It has been thrilling to watch the crafting world turn our hands to making pussy hats in a collective show of creativity and dissent initiated by the Pussy Hat Project in a beautiful, well worded and inspiring call to craft. The founding Pussy Hat Project knitting pattern was designed by Kat Coyle of The Little Knittery in Atwater Village, Los Angeles, USA. It’s an ingeniously simple design, knitted flat in worsted weight yarn with a long rib section and stocking stitch body.
Throughout the project, which was only started in November 2016 with the aim of making over a million hats to be worn at the Women’s March in Washington DC, many knitters, crocheters and sewers have speedily added their alternate hat designs, recipes, hacks, riffs, adaptations and suggestions to the mix along with a growing pile of finished hats. Apparently we’ve caused a national shortage of pink yarn in the USA. This is particularly appropriate if we think that much of that yarn was bought from independent local yarn shops, often women-owned and specifically supporting women in their communities. We’ve also made use of what we have in our stashes and those of friends. It has encouraged many to learn or return to knitting. Whoop whoop!
When I first heard about the project, I immediately stash dived what I thought was all my thick(ish) pink yarn. You can see it here in a picture I took of my pink yarn and groceries last year. It’s nice for me to look back at that picture and realise how much of that yarn I’ve knitted in the interim.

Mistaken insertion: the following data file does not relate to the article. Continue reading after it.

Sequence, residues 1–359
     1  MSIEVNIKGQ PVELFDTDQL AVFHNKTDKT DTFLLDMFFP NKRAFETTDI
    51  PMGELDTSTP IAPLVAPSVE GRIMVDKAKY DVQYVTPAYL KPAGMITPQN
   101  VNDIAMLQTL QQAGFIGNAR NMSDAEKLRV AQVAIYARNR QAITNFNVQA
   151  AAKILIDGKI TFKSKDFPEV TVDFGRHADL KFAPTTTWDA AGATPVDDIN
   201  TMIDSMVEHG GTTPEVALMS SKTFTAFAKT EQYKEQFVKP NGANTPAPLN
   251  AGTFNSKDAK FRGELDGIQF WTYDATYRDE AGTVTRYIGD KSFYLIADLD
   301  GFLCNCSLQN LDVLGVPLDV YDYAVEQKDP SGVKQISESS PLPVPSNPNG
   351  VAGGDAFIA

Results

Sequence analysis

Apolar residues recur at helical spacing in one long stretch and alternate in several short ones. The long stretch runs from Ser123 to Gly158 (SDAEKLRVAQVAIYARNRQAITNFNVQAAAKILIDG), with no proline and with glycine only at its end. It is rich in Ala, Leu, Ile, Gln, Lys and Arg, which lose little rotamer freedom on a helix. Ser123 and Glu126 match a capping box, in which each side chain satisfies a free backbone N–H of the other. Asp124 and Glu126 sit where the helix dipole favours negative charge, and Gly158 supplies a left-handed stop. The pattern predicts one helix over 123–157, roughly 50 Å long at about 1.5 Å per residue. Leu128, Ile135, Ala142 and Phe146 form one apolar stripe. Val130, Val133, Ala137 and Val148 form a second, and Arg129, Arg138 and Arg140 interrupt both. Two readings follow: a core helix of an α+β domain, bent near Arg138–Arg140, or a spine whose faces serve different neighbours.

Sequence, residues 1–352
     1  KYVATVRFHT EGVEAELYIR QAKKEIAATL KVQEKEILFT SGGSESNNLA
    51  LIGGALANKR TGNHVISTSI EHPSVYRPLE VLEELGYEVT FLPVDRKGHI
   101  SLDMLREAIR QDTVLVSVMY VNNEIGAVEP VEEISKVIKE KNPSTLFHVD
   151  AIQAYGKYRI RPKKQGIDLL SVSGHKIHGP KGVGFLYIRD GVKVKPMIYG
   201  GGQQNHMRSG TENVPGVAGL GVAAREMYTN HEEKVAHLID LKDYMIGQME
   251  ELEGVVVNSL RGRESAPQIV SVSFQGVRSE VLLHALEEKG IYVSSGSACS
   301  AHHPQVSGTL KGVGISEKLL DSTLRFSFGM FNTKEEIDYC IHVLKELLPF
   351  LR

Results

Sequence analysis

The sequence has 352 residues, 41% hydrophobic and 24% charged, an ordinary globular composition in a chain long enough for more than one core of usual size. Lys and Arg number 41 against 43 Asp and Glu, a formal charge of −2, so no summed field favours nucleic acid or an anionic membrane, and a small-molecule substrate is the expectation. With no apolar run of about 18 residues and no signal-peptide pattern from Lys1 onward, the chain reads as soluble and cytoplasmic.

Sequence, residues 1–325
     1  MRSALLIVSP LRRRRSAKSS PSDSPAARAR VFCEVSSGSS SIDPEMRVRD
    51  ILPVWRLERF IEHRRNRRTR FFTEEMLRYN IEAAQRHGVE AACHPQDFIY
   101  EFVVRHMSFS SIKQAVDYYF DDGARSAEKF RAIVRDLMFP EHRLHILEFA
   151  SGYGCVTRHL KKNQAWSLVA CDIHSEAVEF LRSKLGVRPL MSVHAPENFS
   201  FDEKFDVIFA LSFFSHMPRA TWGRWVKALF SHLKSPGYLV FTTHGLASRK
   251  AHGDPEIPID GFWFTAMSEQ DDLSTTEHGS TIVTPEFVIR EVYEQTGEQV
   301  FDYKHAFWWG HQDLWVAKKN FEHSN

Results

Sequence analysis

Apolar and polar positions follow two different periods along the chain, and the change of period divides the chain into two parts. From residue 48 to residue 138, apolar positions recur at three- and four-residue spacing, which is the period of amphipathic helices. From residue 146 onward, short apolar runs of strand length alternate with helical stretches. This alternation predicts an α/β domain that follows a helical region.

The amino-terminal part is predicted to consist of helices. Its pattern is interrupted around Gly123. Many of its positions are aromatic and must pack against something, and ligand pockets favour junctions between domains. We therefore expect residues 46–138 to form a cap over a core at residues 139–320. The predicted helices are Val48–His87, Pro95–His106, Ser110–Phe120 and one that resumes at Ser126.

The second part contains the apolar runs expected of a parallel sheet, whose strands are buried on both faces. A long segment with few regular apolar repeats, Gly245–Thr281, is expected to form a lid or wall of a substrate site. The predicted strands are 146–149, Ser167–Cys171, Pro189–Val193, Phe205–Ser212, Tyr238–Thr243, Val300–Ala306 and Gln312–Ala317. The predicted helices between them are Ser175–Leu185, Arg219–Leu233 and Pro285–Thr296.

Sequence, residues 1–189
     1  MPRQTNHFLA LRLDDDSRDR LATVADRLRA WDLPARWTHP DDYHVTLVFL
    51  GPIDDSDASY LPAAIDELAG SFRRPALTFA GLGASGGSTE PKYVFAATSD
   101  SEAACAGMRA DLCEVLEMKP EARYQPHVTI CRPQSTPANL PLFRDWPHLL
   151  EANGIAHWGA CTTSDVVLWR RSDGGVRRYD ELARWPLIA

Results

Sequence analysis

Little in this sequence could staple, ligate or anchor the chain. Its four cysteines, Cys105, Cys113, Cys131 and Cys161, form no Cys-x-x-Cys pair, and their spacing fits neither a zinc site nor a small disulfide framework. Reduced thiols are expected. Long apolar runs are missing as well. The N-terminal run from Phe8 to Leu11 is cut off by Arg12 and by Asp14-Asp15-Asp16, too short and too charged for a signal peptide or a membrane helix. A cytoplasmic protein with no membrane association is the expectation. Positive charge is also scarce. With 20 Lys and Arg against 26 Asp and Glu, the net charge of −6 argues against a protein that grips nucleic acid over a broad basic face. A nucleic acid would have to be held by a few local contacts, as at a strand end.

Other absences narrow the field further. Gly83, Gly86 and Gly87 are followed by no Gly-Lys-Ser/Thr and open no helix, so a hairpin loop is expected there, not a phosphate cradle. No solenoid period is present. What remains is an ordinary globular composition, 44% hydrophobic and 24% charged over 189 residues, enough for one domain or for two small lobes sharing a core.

IN THE PINK – from rhubarb to radicchio, things are looking rosy. All the pink #yarn in my stash with a particularly pink round of groceries. I haven't made one of these #foodandyarn pictures in a while… Pink skinned #potatoes, pinto beans, #lychees and #rosé. A little pink salt to balance out the #almondroca and strawberry filled koala bears. And #primroses to add some colour to the balcony.
The woolly pink yarn that remained I offered it up to knitters for free via Instagram to make pussy hats with. It has been lovely to see all that yarn being used; transformed into hats across the UK and sent off, to be worn by marchers on the Women’s March in Washington DC on January 21st, 2017. Here are a few of the projects it became:
Pussy hat. Day four was Knit Something. The first one I did, with Patons Clansman 4ply kindly supplied by @sweaterspotter , came out too big so I'm going to redo it. This one is a combination of the pink Clansman, Excelana 4ply in French Rose by @susancrawfordvintage and some maroon stuff I found in the freezer. For the Women's March on Washington DC, 21 January 2017. Best get it in the post. #pussyhatproject
I can't make it to a march but I can knit so I have spent a little of my holiday time #knitting a #pussyhat for @p_ssyhatproject with yarn kindly donated to me by @sweaterspotter. I've also given it my own special stitchbirdie treatment 💗#millionwomenmarch #pussyhatproject #handstitched #badges #knittersofinstagram #knittingforthesoul #knittingforwomen
I thought I’d sent off all my pink yarn, but I found a little more!